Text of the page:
Train them about the dishes on the menu and what items are gluten-free
Make sure they feel it’s okay to tell the customer they need to check with the kitchen
It’s okay to ask if they don’t know
Treat the customer like they are important -- just as they would any other customer
Kitchen Staff Training
Make sure your team understands what celiac and gluten mean
Offer training on reading labels. This sounds basic but it’s important they understand what is truly gluten-free. Labeling isn’t always consistent
Define what it means to be gluten-free and gluten-light
Instruct them to err on the side of caution with menu labeling
There are entities beyond the Federal government’s FDA that serve as informal watch dog groups for those with celiac and gluten intolerances. They have Facebook pages and other entities that will publicly list companies which might make a mistake in labeling. For example, the Gluten-Free Watchdog Group randomly selects and tests products to see if they are truly what they say that are. Product manufacturers will want to keep an eye on these pages to make sure they aren’t listed there incorrectly. That’s also why you need a public relations firm to monitor your company’s “mentions” on the web, and to regularly tell your story.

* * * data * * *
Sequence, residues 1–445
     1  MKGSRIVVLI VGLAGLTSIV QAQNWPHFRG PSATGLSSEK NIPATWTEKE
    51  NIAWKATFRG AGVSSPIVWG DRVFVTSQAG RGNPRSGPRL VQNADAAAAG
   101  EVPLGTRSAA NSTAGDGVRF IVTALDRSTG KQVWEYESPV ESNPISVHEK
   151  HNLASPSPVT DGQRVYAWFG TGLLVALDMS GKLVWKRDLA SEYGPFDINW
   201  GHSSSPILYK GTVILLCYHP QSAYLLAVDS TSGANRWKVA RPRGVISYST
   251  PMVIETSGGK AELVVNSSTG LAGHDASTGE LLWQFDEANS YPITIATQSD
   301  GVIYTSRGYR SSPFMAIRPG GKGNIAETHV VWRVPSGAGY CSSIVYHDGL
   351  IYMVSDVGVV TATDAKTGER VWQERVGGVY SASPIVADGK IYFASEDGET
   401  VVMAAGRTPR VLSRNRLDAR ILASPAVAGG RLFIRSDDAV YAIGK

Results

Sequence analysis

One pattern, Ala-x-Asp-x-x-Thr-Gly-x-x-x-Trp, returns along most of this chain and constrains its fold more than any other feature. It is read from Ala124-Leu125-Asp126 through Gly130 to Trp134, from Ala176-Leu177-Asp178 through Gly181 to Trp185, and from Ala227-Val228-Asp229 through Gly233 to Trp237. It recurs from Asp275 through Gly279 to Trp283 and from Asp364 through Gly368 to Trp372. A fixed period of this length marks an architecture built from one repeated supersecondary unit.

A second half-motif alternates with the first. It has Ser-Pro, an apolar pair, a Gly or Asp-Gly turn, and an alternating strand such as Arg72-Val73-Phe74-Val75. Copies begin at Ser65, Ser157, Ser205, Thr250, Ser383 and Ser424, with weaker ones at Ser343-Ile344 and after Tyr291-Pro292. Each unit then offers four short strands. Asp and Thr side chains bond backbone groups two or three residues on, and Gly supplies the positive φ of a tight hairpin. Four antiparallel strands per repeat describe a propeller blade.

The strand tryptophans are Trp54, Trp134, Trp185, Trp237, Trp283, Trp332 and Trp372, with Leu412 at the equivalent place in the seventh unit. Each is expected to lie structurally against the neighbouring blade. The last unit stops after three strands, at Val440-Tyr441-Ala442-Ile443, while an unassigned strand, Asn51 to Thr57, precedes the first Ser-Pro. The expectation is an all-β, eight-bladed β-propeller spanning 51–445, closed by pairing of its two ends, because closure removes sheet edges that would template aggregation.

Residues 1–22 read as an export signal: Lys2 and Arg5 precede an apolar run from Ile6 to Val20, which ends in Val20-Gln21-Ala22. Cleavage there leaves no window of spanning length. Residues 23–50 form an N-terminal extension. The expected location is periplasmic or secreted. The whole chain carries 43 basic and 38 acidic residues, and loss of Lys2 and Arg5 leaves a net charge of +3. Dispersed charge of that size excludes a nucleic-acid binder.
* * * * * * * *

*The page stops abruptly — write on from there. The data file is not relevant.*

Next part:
Public relations programs can also make sure companies are recognized for their good efforts because celiac organizations are not just about calling out those who make mistakes. The annual Gluten-free Awards are just one opportunity to be recognized for gluten-free products. Companies must first register their gluten-free products in the buyers’ guide. Award winners are selected from the guide or by respected gluten-free bloggers.
Directories, Certification & Training
There are several product directories and listings of companies and restaurants that are certified to have gluten-free products. None are comprehensive but they are definitely trying and growing. The best advice is to seek them out and ask to be listed. It will only help your business.
Restaurants, schools, colleges and camps wanting to be gluten-free certified should consider Beyond Celiac’s certification program called GREAT Kitchens. This is a series of online program for chefs and front- and back- of-the-house staff. It includes of a variety of resources for training teams about gluten-free food handling.
The National Celiac Association has a listing of gluten-free restaurants as well as guides for school cafeteria programs and college campus survival. These are oriented to consumers but offer good guidance to college foodservice programs as well. Another is led by the Gluten Intolerance Group, including a relatively new food services division providing certification for food companies like meal prep companies and restaurants.
One thing is sure. As more people are diagnosed with celiac, or even gluten intolerances, there will be continue to be growth in these areas. Competing directories and certifications only mean there’s a true need for these programs they eventually will merge to become stronger and more comprehensive resources for those who need them.